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Showing 1-4 of 4 reviews(5 star). Show all reviews
on June 12, 2003
I am fairly familiar with Polanyi's work and I thought it might be helpful to suggest who could benefit from this book. I would recommend this text to scientists and students who are interested in the philosophical issues and implications of their work, epistemology enthusiasts, philosophy students, and anyone trying to grapple with why Cartesian philosophy doesn't seem to explain reality.
Personal Knowledge is a dense read and Polanyi expects the reader to be familiar with many scientific and philosophic histories. It will require several reads to begin to get a grasp on the core of the material, but even a cursory reading is enjoyable and will challenge your thinking.
If you are not hip on philosophy, but are still interested in Polanyi's view of knowing reality, there are several texts available. If you don't know what the Cartesian Enlightenment is, then Meek's text "Longing to Know" is an excellent lucid primer that a high-schooler can understand. Drucilla Scott's text, "Everyman Revived" does a good job of expositing Polanyi with some biographical data as well.
The reason I rated this text 5 stars is because it is one of the best books I have ever read. However, it is not for everyone. not even a small minority of people will truly enjoy this book. So I hope I helped you become a member of the fractional minority or vice versa.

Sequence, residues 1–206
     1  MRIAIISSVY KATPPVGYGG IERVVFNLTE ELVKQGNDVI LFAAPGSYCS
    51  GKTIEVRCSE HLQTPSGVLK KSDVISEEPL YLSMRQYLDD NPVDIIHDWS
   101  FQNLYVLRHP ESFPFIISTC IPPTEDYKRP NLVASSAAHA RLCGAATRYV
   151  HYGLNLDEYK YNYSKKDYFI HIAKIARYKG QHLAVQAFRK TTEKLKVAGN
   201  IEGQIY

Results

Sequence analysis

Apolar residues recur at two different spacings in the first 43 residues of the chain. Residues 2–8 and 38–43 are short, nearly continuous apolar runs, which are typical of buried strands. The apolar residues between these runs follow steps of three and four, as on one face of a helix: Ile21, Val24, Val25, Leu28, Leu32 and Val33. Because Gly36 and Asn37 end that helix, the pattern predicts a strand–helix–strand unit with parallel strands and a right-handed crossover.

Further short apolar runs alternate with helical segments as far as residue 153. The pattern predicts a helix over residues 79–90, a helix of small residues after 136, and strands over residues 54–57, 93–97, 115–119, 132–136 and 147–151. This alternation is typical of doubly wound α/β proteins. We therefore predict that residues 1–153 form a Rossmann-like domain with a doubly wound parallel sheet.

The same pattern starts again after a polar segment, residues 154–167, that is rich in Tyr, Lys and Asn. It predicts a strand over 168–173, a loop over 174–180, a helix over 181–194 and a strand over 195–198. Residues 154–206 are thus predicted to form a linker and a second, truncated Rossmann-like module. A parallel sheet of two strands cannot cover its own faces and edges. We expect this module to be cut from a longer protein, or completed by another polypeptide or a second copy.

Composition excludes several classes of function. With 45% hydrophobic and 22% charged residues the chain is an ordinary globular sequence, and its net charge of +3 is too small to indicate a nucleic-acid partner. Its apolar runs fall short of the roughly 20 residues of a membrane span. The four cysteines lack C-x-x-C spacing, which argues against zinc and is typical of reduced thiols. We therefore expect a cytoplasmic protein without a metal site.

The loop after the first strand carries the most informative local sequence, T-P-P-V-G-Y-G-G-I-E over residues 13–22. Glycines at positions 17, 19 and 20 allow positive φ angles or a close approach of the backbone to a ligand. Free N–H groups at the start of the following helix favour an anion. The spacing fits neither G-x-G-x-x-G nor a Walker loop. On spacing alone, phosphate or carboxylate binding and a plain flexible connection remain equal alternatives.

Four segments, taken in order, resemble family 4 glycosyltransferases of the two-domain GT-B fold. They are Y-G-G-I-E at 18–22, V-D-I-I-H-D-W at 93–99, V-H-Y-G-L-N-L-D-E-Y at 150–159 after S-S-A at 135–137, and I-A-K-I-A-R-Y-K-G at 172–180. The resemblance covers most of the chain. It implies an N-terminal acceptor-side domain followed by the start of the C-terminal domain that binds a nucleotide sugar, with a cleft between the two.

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on November 15, 2000
Books on epistemology tend to be dreary affairs. Epistemology, which is the branch of philosophy that studies how human beings acquire and "validate" their knowledge, tend to be largely speculative and logical. Most theories of epistemology that are inflicted upon the world are nothing more than the highly artificial constructions of some philosopher telling us all how we "ought" to attain and validate our knowledge. Any correspondence to how men really attain knowledge is usually pure coincidence. Moreover, in many instances, the epistemological philosopher has some special agenda which he is seeking to impose on his readers by confusing them with a mass of epistemological pedantry. He may be trying to prove the validity of a largely speculative form of "reason" or of definitions or of certainty or of a perfect and immaculate form of "objectivity" or of some other equally utopian and irrelevant principle.
In the light of all this philosophical pretension, it is refreshing to come across a book like Polanyi's "Personal Knowledge." Polanyi was a chemist trained in the methods of science. He understands, as few merely speculative philosophers do, the necessity of deriving theories from facts, rather than facts from theories. Yet Polanyi is more than just a scientist; he is also a very shrewd and critical thinker who does not shrink from challenging long cherished assumptions within his own discipline of science. "Personal Knowledge" is, among other things, an attack on what might be called "naive objectivism," which can be defined as the epistemological view which holds that the only valid knowledge is that which can be articulated and tested by strictly impersonal methods. Polanyi demonstrates why this view of knowledge is untenable. Some of man's most important knowledge, he argues, is tacit and inarticulable, like the knowledge of how to swim or how to judge a work of art. Yet men use such knowledge and even depend on it for their survival.